TOKYO (Reuters) - Japanese Prime Minister Shinzo Abe said on Monday he hoped the central bank would continue to promote “bold” monetary easing, as the economy has yet to emerge decisively from deflation.
Abe rebuffed the view the Bank of Japan’s 2 percent inflation target was too ambitious for a country mired in two decades of deflation, saying the central bank’s commitment and actions to hit the target had helped revive the economy.
“A positive economic cycle is kicking off. I hope the BOJ continues to promote bold monetary easing to achieve its 2 percent inflation target,” Abe told parliament.
He also said it was premature to declare an official end to deflation despite growing signs of strength in the economy.
“An end to deflation means prices aren’t falling consistently and there is assurance Japan won’t slip back into deflation in the future,” Abe said. “We need to look at developments more.”
The remarks come ahead of a leadership change at the BOJ with the five-year terms of Governor Haruhiko Kuroda and his two deputies expiring in April and March, respectively.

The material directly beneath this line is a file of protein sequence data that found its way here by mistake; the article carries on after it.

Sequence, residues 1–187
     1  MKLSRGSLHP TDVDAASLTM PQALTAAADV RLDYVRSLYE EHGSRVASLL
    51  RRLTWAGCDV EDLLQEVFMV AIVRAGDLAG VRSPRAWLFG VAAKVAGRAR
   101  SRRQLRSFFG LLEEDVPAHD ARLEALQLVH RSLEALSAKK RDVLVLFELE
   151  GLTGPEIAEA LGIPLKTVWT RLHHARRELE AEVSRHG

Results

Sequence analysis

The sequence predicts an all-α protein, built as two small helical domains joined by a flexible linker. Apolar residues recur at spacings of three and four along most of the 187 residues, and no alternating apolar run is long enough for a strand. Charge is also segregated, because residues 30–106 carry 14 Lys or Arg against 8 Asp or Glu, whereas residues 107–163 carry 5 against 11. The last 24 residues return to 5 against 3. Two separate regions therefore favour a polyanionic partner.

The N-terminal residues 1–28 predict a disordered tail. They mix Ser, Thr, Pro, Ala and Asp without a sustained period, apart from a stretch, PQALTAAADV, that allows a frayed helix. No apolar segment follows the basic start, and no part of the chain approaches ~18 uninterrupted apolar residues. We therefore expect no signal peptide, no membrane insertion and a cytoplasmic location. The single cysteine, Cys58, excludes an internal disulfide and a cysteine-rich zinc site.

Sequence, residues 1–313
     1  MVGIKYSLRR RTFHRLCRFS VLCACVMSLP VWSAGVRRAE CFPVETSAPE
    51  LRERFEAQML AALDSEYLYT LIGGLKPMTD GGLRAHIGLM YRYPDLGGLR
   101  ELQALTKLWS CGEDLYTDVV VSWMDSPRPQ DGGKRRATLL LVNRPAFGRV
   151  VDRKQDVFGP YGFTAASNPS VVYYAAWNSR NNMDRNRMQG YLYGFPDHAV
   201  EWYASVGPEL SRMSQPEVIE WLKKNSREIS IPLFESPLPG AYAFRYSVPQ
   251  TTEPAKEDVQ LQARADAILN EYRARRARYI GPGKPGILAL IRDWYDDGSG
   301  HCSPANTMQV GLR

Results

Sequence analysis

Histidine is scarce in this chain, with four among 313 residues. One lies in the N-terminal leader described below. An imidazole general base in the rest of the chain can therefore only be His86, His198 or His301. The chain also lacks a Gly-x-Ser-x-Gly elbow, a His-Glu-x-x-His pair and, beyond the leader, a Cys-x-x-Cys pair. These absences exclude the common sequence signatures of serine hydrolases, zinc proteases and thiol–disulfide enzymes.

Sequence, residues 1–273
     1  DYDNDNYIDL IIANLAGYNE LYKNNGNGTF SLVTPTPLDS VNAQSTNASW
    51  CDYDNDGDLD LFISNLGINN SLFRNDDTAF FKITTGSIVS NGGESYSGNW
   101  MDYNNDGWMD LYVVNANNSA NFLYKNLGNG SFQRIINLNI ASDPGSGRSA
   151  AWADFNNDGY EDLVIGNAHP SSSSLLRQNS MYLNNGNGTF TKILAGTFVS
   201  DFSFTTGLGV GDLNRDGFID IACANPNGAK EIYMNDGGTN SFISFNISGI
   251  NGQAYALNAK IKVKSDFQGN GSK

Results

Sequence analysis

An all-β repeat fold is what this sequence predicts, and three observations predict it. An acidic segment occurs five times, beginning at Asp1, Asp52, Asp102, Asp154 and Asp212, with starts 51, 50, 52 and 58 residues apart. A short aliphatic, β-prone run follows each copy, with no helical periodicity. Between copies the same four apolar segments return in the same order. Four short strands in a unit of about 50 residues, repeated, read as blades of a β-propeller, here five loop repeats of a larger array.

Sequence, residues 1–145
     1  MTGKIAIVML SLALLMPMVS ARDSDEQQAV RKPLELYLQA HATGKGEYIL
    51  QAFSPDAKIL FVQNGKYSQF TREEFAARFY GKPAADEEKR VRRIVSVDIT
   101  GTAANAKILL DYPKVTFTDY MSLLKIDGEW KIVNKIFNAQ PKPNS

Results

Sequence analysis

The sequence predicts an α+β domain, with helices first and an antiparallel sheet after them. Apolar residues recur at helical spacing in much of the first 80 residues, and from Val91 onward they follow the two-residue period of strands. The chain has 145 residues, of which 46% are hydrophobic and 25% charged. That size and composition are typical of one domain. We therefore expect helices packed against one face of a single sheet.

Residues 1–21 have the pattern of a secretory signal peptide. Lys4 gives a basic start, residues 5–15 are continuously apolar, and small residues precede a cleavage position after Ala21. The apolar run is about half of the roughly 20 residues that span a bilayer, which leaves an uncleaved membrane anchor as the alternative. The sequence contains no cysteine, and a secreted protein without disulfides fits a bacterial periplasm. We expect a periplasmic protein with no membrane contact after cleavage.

The government is seen presenting to parliament its nominees around mid- to late February at the earliest, sources say, with a strong chance Kuroda will be reappointed.
Kuroda told the same parliamentary committee the BOJ was in no rush to withdraw its massive stimulus program.
He conceded that prolonged monetary easing was adding to strains for regional banks, already suffering from narrowing margins due to an ageing population.
“Still, it’s extremely important to achieve our 2 percent inflation target,” Kuroda said. “Japan’s inflation remains distant from our target, so we need to patiently continue with powerful monetary easing.”
A strengthening economy and subdued inflation have posed a dilemma for the BOJ, which is forced to sustain crisis-mode stimulus despite rising costs, such as the drag on bank profits from near-zero rates.
Kuroda has struggled to hose down speculation the BOJ could follow in the footsteps of its U.S. and European peers in dialing back stimulus, driven in part by signs of recovery in the economy.
Reporting by Leika Kihara; Editing by Chang-Ran Kim and Jacqueline Wong